On 12th May 2016 Lord Kinnock asked Her Majesty’s Government “what steps they are taking to emphasise the importance to citizens, particularly young people, of registering to vote to enable them to participate in the referendum on the United Kingdom’s membership of the European Union on 23 June.” The Bishop of St Albans asked a follow up question:
The Lord Bishop of St Albans: In response to a previous debate, I worked with Bite The Ballot and got it into one of our church schools. The interesting thing for me was seeing not that people could not understand voting but that they did not know what difference it would make. Watching young people being taken through the process and the penny drop about the implications was fundamental. It seems to me that we need people to engage at the grassroots. What attempt is being made to use voluntary and charitable organisations, many of which—including the churches—have newspapers and all sorts of other publications and are in touch with millions of people, as a way of trying to raise the issue in the next month, as the noble Lord asked?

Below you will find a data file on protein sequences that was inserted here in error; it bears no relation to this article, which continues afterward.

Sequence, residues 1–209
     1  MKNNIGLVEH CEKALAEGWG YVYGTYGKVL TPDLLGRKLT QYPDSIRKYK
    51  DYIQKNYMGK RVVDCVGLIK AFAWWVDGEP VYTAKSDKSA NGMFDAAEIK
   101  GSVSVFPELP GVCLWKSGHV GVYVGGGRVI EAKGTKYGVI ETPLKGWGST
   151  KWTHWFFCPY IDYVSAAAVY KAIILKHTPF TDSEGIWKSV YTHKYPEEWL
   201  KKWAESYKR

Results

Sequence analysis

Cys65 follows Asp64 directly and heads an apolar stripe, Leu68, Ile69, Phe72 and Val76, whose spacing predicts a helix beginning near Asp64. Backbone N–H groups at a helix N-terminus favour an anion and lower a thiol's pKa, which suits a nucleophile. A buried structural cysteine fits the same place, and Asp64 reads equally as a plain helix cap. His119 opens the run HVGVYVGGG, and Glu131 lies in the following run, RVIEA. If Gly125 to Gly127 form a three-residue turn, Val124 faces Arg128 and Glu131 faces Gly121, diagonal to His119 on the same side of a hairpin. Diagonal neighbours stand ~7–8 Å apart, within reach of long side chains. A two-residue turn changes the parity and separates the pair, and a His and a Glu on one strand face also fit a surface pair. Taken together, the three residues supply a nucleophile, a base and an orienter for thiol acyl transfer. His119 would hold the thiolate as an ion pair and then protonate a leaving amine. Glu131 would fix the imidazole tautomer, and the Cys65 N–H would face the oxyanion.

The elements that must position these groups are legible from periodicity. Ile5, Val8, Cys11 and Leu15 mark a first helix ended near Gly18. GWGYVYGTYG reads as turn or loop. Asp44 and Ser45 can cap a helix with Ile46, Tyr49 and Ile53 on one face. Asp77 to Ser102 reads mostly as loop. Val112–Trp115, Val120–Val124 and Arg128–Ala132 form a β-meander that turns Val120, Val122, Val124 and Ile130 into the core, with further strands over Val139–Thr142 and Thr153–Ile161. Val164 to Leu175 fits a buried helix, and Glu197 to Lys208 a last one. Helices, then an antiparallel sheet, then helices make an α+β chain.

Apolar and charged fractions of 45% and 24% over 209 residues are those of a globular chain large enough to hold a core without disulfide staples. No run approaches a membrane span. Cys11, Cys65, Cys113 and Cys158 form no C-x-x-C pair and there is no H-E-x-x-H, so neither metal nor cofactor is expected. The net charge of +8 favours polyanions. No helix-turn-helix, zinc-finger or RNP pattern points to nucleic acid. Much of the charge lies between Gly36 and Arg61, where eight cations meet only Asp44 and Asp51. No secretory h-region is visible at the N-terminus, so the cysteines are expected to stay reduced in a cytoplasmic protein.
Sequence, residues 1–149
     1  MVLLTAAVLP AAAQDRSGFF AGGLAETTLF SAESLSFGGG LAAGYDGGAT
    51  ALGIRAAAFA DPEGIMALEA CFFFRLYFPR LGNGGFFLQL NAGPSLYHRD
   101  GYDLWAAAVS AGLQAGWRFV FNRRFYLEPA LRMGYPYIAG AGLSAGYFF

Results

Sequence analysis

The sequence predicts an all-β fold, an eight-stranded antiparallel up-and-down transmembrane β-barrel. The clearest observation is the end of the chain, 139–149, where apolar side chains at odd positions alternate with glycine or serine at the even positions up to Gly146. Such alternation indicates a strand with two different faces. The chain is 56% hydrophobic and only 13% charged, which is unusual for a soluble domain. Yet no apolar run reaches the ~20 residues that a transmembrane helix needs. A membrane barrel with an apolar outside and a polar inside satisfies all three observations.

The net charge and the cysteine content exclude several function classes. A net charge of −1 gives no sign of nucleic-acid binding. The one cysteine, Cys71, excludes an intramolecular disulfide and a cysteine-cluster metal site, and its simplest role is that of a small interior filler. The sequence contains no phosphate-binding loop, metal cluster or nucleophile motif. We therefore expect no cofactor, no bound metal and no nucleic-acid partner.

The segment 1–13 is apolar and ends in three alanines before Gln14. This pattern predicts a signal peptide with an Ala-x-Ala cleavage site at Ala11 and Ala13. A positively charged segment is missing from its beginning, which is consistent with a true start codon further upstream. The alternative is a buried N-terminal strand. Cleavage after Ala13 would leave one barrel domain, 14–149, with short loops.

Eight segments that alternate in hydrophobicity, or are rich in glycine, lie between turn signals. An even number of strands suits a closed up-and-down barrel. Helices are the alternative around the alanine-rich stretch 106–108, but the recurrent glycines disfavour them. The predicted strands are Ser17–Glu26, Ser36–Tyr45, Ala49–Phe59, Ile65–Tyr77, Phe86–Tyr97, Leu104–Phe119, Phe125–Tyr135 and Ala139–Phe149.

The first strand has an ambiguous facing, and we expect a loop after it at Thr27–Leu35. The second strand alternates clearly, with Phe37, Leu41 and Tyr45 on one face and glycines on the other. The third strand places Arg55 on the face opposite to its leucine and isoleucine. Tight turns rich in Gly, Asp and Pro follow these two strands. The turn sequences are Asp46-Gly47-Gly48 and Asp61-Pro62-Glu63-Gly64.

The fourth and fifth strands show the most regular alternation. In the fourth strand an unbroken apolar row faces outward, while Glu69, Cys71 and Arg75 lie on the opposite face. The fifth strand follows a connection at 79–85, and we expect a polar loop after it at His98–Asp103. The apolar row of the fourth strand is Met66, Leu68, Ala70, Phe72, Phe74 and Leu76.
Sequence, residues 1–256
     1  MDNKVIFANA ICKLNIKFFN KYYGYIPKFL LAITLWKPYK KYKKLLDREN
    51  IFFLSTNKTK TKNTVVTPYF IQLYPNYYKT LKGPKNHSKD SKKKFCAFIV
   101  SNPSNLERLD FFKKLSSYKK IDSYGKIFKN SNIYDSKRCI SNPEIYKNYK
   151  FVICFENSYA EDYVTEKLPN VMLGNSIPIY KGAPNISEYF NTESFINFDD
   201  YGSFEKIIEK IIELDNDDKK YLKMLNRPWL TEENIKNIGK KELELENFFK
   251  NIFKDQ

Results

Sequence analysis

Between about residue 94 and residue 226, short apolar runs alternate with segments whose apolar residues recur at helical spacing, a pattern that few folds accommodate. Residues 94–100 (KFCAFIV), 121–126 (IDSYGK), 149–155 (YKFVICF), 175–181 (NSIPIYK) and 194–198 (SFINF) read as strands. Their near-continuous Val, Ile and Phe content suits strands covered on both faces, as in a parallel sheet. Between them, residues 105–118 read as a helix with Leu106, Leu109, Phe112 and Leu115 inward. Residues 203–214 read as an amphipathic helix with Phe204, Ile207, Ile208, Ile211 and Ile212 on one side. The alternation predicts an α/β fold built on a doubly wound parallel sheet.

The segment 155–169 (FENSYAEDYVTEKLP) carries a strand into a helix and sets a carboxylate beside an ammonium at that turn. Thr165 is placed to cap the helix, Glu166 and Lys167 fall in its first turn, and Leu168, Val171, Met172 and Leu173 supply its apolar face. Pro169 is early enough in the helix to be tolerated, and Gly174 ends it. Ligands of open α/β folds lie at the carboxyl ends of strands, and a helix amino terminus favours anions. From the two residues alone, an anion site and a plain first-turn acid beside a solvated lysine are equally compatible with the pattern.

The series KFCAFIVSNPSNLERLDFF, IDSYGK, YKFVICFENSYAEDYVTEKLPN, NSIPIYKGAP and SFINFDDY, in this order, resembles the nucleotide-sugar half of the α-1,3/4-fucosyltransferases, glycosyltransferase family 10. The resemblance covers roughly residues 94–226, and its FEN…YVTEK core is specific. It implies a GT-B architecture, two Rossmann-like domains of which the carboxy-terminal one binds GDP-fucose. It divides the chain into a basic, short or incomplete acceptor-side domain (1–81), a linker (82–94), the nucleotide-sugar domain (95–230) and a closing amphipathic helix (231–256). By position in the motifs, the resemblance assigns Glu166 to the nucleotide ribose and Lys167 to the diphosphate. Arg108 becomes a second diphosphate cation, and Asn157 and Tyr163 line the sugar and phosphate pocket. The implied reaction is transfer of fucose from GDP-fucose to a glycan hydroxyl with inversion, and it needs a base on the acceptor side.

Baroness Chisholm of Owlpen: Indeed, and that is exactly why we have been giving grants to civic societies to engage with the young. There have been several initiatives, one of which was the Make your Mark ballot: nearly 1 million young people aged 11 to 18 took part in deciding on issues such as mental health, the living wage and tackling religious discrimination. It is now statutory to teach democratic participation in schools at key stages 3 and 4 of the curriculum.